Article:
Jan. 9, 2015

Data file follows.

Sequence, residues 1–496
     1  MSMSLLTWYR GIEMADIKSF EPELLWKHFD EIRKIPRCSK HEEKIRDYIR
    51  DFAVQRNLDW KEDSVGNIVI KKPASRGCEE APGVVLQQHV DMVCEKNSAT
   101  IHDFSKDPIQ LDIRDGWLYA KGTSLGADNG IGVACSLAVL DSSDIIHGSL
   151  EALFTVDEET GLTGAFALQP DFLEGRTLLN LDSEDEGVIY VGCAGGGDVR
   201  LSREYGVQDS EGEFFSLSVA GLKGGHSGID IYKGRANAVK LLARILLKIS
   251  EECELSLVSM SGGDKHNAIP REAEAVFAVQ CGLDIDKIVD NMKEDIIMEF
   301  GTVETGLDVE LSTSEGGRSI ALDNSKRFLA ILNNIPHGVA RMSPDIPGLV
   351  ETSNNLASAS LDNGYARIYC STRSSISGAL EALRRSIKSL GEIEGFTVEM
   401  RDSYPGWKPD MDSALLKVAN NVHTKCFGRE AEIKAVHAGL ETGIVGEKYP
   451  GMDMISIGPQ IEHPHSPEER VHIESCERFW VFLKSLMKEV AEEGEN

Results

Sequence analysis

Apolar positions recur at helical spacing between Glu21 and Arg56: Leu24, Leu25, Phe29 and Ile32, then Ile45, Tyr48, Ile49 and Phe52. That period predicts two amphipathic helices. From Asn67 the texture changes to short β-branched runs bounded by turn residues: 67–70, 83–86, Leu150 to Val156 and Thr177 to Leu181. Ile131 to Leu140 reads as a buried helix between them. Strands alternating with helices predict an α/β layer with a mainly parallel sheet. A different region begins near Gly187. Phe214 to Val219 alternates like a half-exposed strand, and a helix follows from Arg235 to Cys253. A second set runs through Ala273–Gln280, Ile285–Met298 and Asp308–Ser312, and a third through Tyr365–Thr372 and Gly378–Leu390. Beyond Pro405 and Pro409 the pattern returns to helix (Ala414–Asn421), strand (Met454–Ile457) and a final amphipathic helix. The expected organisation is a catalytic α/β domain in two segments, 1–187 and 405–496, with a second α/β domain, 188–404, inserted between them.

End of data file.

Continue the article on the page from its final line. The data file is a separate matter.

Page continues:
The data science toolkit encompasses powerful approaches for detecting and clarifying patterns in social or behavioral data. But when it comes to the interpretation of those patterns, it sometimes falls short — the data may convey “what” and “how much” with great precision, but it is often silent on “why” and “how.” Complementary research methods can fill in these gaps and paint a fuller picture of the phenomena at hand. At Facebook, we combine data science with qualitative and quantitative research, often iteratively, to gain a deeper understanding not just of what people are doing on Facebook, but why and how. Judd Antin UX Research Manager Facebook Judd Antin is a UX Research Manager at Facebook, where he focuses on bring the theories and practices of social psychology, social computing, and HCI to bear to improve Facebook’s products. Judd and his team employ methods that range from ethnographic fieldwork to big data analysis to understand products like News Feed, Ads, Photos, and Groups. In 2011, Judd was named one of MIT Technology Reviews Top Innovators Under 35 (TR35). Judd holds a Ph.D. from the UC Berkeley School of Information, where his research focused on collective action, social dilemmas, and incentive systems in online collaboration. Judd also holds an MA in Applied Anthropology from the University of Maryland College Park, and a BA in Anthropology from Johns Hopkins University. Andrew T. Fiore Growth Research Team Lead Facebook Andrew T. Fiore leads Facebook’s Growth Research Team, including a program of research to understand and measure the benefits, risks, and barriers to adoption of information and communication technologies in emerging markets. Previously, as a member of the data science team at Facebook, he studied social dynamics in online groups. His past research at UC Berkeley, the MIT Media Lab, and Microsoft Research focused on the design and analysis of behavior in computer-mediated communication systems, including usenet newsgroups and online dating sites. He holds a Ph.D. from the UC Berkeley School of Information, as well as an M.A. in statistics from UC Berkeley, an M.S. in media arts and sciences from MIT, and a B.A. from Cornell University.